SUMMARY OF THE INVENTION

This problem is solved according to the invention by the features that the needle receiving body is constructed bent in the transitional zone between the receiving opening and the plastics cannula, and the metal cannula is constructed to be drawn out of the enclosing plastics cannula and the needle receiving member.

The invention provides an infusion needle in which the metal cannula is required solely for the actual injection. After the injection of the infusion needle and its attachment at the place of application, the metal cannula, the so-called mandrel, as in the case of "Braunule" (registered Trade Mark of B. Braun Melsungen AG)--is removed from the enclosing plastics cannula. Relative movements of the subcutis in relation to the epidermis are now substantially pain-free to the patient, since the flexible plastics cannula can adapt itself to such relative movements without substantially changing its position. The bend in the infusion needle according to the invention ensures that the receiving opening of the needle receiving member extends substantially parallel with the surface of the skin. The bend should be between 15° and 25° . An angle of 20° has proved particularly advantageous.

According to a further feature of the invention the transitional zone between the cylindrical receiving opening and the plastics cannula is constructed conical. This ensures that during the production of the infusion needle the mandrel cannot damage the plastics cannula when it is introduced thereinto, and moreover an even bending of the mandrel is rendered possible in the bent transitional zone between the receiving opening and the plastics cannula.

According to another feature of the invention in the zone of bend the needle receiving body has a plane widened portion, and on the side having the plastics cannula the widened portion has a resilient support. It has been found to be a particularly convenient feature that the resilient support provided is an endless foamed plastics strip extending along the edges of the widened portion. Such a resilient support is already known from so-called "gripper" needles, such as are used with fully implantable catheter systems.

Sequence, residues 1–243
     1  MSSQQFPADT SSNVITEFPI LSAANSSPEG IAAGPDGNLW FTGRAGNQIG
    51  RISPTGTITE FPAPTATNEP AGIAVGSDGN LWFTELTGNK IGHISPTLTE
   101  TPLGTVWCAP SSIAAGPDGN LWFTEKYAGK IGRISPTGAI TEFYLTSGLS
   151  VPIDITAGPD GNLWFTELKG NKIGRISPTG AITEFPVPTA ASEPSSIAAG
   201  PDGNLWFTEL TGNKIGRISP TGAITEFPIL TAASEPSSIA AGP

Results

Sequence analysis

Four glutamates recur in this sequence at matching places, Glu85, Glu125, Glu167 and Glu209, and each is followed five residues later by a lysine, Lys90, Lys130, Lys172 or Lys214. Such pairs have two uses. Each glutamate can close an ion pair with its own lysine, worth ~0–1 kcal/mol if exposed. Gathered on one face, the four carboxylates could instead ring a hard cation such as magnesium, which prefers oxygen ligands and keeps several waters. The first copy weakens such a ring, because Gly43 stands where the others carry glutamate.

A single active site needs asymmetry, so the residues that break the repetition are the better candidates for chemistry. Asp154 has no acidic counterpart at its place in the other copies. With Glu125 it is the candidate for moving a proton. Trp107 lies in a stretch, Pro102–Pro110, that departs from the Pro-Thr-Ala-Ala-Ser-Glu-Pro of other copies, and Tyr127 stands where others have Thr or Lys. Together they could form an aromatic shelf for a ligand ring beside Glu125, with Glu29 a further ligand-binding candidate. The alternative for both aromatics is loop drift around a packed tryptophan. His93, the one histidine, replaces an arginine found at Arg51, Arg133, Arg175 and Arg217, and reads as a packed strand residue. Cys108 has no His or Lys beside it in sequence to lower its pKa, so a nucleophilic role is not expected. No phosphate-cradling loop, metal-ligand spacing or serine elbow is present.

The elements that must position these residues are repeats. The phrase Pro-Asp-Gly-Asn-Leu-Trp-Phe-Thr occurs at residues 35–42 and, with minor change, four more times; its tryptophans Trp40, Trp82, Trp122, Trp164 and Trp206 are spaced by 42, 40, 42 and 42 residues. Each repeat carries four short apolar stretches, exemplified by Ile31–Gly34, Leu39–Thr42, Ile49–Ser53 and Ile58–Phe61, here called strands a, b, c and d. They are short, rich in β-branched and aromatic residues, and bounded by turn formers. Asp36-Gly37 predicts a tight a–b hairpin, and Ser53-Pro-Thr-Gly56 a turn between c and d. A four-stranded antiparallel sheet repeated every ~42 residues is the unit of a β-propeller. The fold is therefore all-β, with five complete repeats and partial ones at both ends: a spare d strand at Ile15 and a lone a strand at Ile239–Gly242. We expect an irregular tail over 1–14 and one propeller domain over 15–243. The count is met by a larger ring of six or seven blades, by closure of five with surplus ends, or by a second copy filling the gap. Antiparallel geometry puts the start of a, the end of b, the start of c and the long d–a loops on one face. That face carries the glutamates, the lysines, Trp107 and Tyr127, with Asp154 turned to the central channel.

Particularly conveniently at its end remote from the tip of the needle the metal cannula has a receiving element having an integral holding plate. This ensures that the infusion needle according to the invention can be safely handled during injection.

According to another feature of the invention the needle receiving body has in the zone of the receiving opening and/or the receiving element of the metal cannula means which prevent any axial rotation of the introduced metal cannula. In dependence on the kind of aspiration, this feature ensures the required firm association between the obliquely ground metal cannula tip and the needle receiving body.

BRIEF DESCRIPTION OF THE DRAWINGS

There are various possible ways of putting into effect and further developing the teaching of the invention, in which respect attention is drawn on the one hand to the subclaims and on the other hand to the following explanation of a preferred embodiment of the infusion needle according to the invention, with reference to the drawings, wherein:

FIG. 1 is a side elevation of the infusion needle according to the invention,

FIG. 2 is a plan view of the injection needle according to the invention, and

FIG. 3 is a longitudinal section, taken along the line III-III in FIG. 2, through the injection medium according to the invention.

DETAILED DESCRIPTION OF THE INVENTION

FIGS. 1 and 2 show an infusion needle according to the invention having a needle receiving body 1 which has in the first place a metal cannula 2 and a cylindrical receiving opening 3 connected thereto. The metal cannula 2 takes the form of an inner aspiration cannula and is enclosed by a shorter plastics cannula 4 which bears closely thereagainst and which terminates conically and is connected to the receiving opening 3.